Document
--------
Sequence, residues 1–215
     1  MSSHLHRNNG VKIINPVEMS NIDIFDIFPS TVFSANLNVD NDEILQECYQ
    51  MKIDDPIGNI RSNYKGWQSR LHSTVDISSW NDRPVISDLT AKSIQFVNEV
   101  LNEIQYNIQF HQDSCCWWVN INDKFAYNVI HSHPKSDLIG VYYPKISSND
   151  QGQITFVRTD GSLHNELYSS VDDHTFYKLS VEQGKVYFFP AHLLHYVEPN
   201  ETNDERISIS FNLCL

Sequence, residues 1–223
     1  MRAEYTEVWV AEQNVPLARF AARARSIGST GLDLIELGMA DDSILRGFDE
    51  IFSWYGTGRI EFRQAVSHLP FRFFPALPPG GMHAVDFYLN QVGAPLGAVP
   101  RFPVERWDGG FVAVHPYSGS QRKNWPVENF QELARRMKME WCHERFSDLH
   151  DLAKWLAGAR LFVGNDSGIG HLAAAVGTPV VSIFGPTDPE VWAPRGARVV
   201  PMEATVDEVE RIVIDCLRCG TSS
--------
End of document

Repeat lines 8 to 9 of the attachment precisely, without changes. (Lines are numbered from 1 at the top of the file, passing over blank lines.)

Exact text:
     1  MRAEYTEVWV AEQNVPLARF AARARSIGST GLDLIELGMA DDSILRGFDE
    51  IFSWYGTGRI EFRQAVSHLP FRFFPALPPG GMHAVDFYLN QVGAPLGAVP